Friday, December 28, 2012

How valuable are government employees?

There seems to be a general feeling that people who work for the government are bureaucrats who are a burden on the economy. I suppose that most people would feel that the Navy Seals that went into Pakistan and took our Osama Bin Laden were not overpaid or doing an unnecessary job.

How about Anthony Fauci, the head of the National Institute of Allergy and Infectious Diseases? Obviously he could head the research branch of any of the major drug companies, run a major hospital or medical school -- all of which would no doubt pay him more than his current salary. He has led a major effort to develop medical approaches to HIV/AIDS. When the next flu variety arrives capable of causing a global pandemic, and such a variety will surely arrive, our safety will depend in significant part on the work done under his leadership at NIAID. I could go on about the achievements of NIAID under Fauci's 28 years as its head, but you get the idea.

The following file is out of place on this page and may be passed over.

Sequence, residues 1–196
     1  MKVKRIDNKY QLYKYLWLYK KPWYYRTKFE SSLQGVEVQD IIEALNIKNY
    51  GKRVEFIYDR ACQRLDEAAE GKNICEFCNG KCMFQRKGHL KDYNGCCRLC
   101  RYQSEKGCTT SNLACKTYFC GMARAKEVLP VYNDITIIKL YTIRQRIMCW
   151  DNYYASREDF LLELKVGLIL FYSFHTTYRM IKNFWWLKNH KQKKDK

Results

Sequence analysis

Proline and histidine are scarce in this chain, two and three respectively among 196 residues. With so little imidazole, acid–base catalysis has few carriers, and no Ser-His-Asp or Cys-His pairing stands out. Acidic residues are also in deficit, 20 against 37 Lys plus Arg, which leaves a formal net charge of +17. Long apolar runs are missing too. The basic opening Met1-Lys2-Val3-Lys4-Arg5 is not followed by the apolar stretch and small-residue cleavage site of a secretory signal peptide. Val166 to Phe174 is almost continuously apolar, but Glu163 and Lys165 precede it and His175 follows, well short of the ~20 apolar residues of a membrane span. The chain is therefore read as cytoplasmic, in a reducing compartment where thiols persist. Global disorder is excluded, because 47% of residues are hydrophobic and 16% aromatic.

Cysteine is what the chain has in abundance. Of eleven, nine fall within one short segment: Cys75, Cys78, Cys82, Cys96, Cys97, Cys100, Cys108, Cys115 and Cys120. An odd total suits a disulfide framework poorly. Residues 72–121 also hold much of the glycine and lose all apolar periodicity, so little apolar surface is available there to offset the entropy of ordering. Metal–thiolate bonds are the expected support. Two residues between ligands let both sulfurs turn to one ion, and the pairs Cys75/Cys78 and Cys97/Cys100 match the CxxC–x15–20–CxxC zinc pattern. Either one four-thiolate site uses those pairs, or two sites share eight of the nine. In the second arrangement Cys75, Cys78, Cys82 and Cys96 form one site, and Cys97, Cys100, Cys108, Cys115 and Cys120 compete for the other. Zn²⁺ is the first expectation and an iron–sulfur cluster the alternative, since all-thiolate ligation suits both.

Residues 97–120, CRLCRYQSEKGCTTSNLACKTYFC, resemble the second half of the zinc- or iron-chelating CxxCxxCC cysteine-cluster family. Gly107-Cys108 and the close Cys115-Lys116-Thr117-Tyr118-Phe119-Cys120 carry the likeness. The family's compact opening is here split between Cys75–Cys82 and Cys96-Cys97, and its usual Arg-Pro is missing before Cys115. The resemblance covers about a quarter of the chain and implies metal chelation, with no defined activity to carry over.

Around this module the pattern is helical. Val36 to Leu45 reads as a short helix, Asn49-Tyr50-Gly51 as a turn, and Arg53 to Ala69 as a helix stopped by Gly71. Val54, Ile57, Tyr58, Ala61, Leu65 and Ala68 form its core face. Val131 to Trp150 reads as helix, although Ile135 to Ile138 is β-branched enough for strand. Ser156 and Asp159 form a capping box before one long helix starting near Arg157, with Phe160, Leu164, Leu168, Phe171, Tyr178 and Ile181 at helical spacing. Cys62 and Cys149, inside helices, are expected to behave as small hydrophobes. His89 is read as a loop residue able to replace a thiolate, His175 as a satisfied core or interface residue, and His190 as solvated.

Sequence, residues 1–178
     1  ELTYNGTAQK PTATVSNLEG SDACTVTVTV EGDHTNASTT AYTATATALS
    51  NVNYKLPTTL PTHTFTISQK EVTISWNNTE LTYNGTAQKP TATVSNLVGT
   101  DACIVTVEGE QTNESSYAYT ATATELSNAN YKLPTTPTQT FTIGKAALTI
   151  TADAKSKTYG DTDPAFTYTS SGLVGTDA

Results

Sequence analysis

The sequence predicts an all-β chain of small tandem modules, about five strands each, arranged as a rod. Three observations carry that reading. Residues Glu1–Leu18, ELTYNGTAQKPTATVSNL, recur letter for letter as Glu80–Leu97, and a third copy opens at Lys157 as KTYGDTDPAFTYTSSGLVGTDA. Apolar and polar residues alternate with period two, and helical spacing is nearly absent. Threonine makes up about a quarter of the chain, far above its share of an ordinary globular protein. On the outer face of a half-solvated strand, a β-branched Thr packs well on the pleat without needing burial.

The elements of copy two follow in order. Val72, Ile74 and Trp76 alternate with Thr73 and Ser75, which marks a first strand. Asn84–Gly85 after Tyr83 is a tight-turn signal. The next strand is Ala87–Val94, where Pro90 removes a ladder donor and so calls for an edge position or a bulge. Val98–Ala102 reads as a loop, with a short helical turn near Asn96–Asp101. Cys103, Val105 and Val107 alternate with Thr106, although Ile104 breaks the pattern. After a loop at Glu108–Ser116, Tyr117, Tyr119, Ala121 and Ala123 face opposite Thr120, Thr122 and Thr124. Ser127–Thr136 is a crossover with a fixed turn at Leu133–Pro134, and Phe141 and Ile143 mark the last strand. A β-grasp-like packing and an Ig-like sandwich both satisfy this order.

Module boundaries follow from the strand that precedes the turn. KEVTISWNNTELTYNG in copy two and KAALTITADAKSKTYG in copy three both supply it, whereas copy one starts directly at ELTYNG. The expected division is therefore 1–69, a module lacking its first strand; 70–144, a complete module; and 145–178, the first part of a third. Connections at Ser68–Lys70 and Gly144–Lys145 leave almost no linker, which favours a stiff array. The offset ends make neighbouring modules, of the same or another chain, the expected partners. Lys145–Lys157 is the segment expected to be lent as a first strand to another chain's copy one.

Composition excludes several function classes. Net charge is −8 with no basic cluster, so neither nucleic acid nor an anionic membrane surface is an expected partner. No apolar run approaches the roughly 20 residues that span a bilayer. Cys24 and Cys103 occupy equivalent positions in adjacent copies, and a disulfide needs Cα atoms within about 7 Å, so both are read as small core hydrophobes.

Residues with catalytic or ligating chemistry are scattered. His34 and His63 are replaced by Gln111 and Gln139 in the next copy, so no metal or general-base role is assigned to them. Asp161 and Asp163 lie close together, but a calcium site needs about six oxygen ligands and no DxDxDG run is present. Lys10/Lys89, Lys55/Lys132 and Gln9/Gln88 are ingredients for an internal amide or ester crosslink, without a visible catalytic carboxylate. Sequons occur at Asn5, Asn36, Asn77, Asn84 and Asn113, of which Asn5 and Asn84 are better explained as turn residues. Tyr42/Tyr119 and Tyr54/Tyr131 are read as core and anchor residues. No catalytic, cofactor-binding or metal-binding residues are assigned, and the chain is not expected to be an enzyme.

How about the work of DARPA in leading the development of the Internet, or that of the NSF in managing the transition of the Internet to serve the private sector? Or the work of NASA and the DoD developing satellite communications and satellite remote sensing. If you don't make overseas calls you may not realize how good and cheap the telephone connections are, but the businesses that depend on international phone and Internet connectivity do. I am old enough to recall how much  better our weather forecasts are than they used to be -- improvements due to efforts of the weather bureau, drawing on remote sensing and computer advances that the government has stimulated and funded. Farmers can tell you about the economic benefits of those weather forecasts.

I could go on and on, and I may do so in future posts.

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